A capacity crowd of 37,741 was on hand at Wrigley Field on Thursday afternoon to not only cheer their hometown Cubs to victory, but to see if a 15-year-old Cardinals rookie would get a hit in his first major league game. As it turned out, both of those outcomes were realized, as Springfield phenom Todd Benefiel laced a double in his first and only plate appearance, and the Cubs rode the 4-hit pitching of veteran Ray Burris to a 4-1 win over the visiting Cards, taking two of three games from their division rivals in a midweek series at Chicago.
The ‘new kid’ being Benefiel, whose major league debut came in the eighth inning of a 1-1 game, pinch-hitting for starting pitcher Rob Dressler with two out and nobody on. On a 2-2 count, the left-hand-hitting Benefiel laced a low pitch from Burris into the gap in left-center, which was chased by Dave Kingman and Bobby Murcer to the wall; by the time the ball made it back to the infield, Benefiel was on second with a stand-up double, the first Cardinals player to reach base since the second inning—a string of 18 batters mowed down by Burris. With time called, shortstop Ivan DeJesus flipped the ball to the freshman baserunner, who then tossed his new keepsake to the visitor’s dugout.
With the go-ahead run now on second base, Garry Templeton followed with a high fly out to Larry Biittner in right field, ending the inning and the St Louis threat. “That was cool of Ivan,” Benefiel said from his locker during post-game interviews. “I just wish my hit would’ve meant something. A double in my first at-bat at a packed Wrigley is more than I could’ve hoped for…but I’d trade it for a win in a heartbeat.”
The Cardinals opened the game’s scoring in the first, when Templeton led off with a double down the line, moved to second on a groundout, and scored when Keith Hernandez slapped a slow roller towards first, which Bill Buckner fielded and threw home, but not in time to nail the speedy Templeton. The Cubs knotted the score two innings later when Manny Trillo opened the frame with a base hit, advanced on a fielder’s choice to short, moved to third when Burris’ sacrifice attempt was botched by Hernandez, and when DeJesus hit a hard grounder to second, raced home ahead of the desperate peg by Mike Phillips.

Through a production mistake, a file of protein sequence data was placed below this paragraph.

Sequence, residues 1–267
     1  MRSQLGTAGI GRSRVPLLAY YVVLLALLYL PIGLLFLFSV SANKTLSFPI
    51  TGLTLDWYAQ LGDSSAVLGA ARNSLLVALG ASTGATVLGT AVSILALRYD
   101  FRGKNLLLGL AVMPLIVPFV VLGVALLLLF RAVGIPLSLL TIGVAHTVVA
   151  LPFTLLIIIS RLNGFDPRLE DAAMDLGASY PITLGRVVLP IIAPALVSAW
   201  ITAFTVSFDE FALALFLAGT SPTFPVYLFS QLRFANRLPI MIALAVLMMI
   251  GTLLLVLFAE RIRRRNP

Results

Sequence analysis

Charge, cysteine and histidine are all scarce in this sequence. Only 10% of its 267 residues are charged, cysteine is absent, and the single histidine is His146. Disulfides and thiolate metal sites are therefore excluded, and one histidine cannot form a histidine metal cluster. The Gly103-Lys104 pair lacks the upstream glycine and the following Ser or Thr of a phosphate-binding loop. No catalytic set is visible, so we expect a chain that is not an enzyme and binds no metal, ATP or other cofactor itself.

The score would remain deadlocked until the last of the eighth, when Chicago broke the game open: an RBI single by Bobby Murcer scored one, and when Cardinals middleman Tom Bruno was replaced by Mark Littell, clean-up batter Dave Kingman greeted the right-handed ace with a titanic blast over the ivy in center field, good for two more runs and a 4-1 Cubs lead they would not relinquish. For Kingman, it was his 28th HR of the season, equaling his output for the actual 1978 season, but it still left him ten behind Reggie Smith’s league-leading 38.
Ken Holtzman then came on in the ninth to shut the door on the Cardinals, pitching a solid 1-2-3 inning and earning his second save while securing the win for Burris (7-9). For Holtzman, it was a much-needed boost after a rocky first four months of the ’78 campaign, where he went 1-4 with an 8.30 ERA through the end of July. “It’s about time I turn it around,” he said from the trainer’s table. “I think we can make a run at the Phillies, and I want to be a positive part of that when it happens.”
The win pushed the second-place Cubs a half-game closer to the idle Phillies; with a record of 52-54, Chicago is now 14½ games behind front-running Philadelphia in the NL East, with the Expos coming to town for a 4-game weekend set beginning Friday. The Cardinals, who had hoped to turn their frustrating season around with a new attitude heading into August, dropped to 41-67 and remain in the East cellar, 26½ games out of first.
“I still have faith in this club,” said St Louis manager Ken Boyer, “and I still like what I see. We may not finish first, but we sure as hell ain’t gonna finish last, either.”
For more notes from the game, and to see photos of game action, click here.